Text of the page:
An Informational Brief on Polymer Machining
Polyphenylene Oxide (PPO), also known by its trade name NORYL™, is an amorphous engineering thermoplastic. It is generally used commercially for electrical components, automotive parts and in medical grade sterilizable medical instruments that require high heat resistance, dimensional stability and accuracy. Some of its benefits include being low cost, light-weight with very low moisture absorption.
AIP has over 37 years of experience machining complex components from thermoplastics like polyphenylene oxide. In this insightful technical brief, we will discuss what goes into machining PPO and how it differs from other manufacturing options such as metal machining, injection molding, and 3D printing.
Properties of PPO
Keeping information about the properties of a thermoplastic beforehand is always beneficial. This helps in selecting the right thermoplastic for a project. Furthermore, it assists in evaluating if the end use requirement would be fulfilled or not. Here are some of the key properties of polyphenylene oxide:
PPO (Polyphenylene Oxide) is characterized by an extremely low moisture absorption rate and low thermal expansion. As a dimensionally stable thermoplastic, PPO also has high dielectric strength and a flammability rating of UL94 V-1 at .058” thickness. For machined parts, it is available in black, natural or a 30% glass filled gray version.
Although it has many attractive properties, PPO is susceptible to thermal oxidation in relation to its high glass transition temperature, which poses a problem for melt processing. To offset this, commercial resins are often blended with high-impact polystyrene (HIPS) or polyamide (PA).
|Resistance to Weathering||Good||–||–|
|Tensile Strength at Break||9200||psi||ASTM D638|
|Elongation at Break||25.0||%||ASTM D638|
|Thermal Expansion||3.3 x 10-5||in/in/oF||ASTM D696|
|Impact Strength, Notched @ -40 oF||2.5||ft-lb/in||ASTM D256|
|Impact Strength, Notched @ 73 oF||3.5||ft-lb/in||ASTM D256|
|Heat Deflection Temperature, @264psi||254||F||D648|
|Flammability, @ .058”||V-1||–||UL94|
|Flammability, @ .236”||V-0||–||UL94|
Key features of polyphenylene oxide:
- Flame Resistance
- Flexural Strength
- High Dielectric Strength
- Low Moisture Absorption Rate
- Low Thermal Expansion
Applications of PPO
Polyphenylene Oxide blends are used for structural parts, electronics, household and automotive items that depend on high heat resistance, dimensional stability and accuracy. They are also used in medicine for sterilizable instruments made of plastic. Common applications include the following:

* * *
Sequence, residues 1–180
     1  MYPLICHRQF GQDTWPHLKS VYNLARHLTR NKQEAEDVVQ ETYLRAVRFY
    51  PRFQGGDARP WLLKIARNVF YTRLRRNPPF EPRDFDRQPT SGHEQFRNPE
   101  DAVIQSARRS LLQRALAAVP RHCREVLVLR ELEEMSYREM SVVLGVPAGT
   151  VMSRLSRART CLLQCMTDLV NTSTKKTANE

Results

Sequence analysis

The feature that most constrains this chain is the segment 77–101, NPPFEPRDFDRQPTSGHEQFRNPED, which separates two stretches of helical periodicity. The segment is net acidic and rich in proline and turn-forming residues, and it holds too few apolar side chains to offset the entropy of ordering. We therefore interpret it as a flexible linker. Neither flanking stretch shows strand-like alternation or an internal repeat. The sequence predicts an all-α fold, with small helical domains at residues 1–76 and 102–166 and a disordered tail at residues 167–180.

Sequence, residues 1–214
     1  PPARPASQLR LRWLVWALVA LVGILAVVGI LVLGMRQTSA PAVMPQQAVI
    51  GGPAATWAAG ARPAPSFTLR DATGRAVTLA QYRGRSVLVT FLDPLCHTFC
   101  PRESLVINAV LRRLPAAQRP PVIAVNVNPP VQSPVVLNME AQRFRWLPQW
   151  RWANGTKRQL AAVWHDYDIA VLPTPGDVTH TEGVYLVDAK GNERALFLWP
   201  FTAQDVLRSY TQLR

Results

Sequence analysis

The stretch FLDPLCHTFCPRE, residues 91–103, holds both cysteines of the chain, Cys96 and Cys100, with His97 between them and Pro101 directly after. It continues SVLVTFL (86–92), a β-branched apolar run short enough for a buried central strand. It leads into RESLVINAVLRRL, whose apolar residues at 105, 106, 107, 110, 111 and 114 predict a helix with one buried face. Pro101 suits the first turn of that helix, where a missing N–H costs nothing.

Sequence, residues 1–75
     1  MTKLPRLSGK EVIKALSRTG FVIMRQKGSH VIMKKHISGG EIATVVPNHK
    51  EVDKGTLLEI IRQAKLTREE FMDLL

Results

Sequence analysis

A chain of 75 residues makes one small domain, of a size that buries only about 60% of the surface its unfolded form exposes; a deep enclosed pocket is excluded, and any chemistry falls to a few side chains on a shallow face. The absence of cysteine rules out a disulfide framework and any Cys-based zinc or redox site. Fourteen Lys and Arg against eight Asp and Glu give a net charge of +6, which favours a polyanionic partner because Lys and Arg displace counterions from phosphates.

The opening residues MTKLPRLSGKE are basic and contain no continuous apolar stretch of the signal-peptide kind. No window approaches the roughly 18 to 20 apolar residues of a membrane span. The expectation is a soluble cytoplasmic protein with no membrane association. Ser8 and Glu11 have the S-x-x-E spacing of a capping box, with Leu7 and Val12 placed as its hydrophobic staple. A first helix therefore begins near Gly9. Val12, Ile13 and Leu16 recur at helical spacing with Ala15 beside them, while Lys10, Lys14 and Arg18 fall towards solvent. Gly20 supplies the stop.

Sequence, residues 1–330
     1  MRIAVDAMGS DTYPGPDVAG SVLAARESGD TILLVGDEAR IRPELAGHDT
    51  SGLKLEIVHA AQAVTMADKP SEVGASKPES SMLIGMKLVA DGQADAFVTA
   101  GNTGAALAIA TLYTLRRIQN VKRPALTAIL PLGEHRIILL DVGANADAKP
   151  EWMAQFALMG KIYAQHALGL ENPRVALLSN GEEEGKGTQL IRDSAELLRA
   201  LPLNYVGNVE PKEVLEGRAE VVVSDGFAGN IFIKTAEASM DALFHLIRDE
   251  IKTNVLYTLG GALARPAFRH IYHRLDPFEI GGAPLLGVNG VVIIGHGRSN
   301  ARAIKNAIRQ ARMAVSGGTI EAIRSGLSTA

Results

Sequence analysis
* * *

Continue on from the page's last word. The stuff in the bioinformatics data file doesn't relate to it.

- Pump, valve and fitting applications
- Scientific and analytical instrument components
- Electrical components
Grades of PPO
At AIP, we machine various grades and brand name polyphenylene oxide. Branded names include the following: NORYL™, NORYL™ EN 265, NORYL™ PPO, NORYL™ RESIN, NORYL™ SE-1 GFN3, NORYLUX™, SUSTAPPO™, TECANYL™.
Our close ties with the industry’s leading plastics manufacturers give us even further insight and access to technical help in material selection, sizing and manufacturing procedures. Whatever your application, our machinists can help you in material selection, sizing and manufacturing techniques from concept to completion.
If machined with coolants, lubricants and untrained procedures, this material is subject to cracking and crazing. Therefore, annealing is necessary for a quality, precision machined part out of the stock shape. The annealing process at AIP greatly reduces the chances of these stresses occurring from the heat generated during machining PPO and other polymers. Our machinists use computer controlled annealing ovens for the highest quality precision machining.
We recommend non-aromatic, water-soluble coolants because they are most suitable for ideal surface finishes and close tolerances. These include pressurized air and spray mists. Coolants have the additional benefit of extending tool life as well.
This plastic is processed by injection molding or extrusion; depending on the material, the processing temperature is 260-300 °C. The surface can be printed, hot-stamped, painted or metallized.
Some companies machine both metals and plastics, which has detrimental outcomes for machined polymer products. Many past experiences have shown parts going to customer without cracks, only to develop surface cracks and warping over time due to exposure to metal machine shop fluids. Be sure to use a facility like AIP that only machines polymers.
Contamination is a serious concern when machining polymer components for technically demanding industries such as aerospace and medical sciences. To ensure the highest level of sanitation down to the sub-molecular level, AIP Precision Machining designs, heat-treats, and machines only plastics with any sub-manufactured metalwork processed outside our facility. This allows us to de-risk the process from metallic cross contamination
Polyphenylene Oxide Machining Guide: Supportive Information
We machine critical components from PPO, ULTEM, PEEK and more to endure harsh environments in power and energy applications.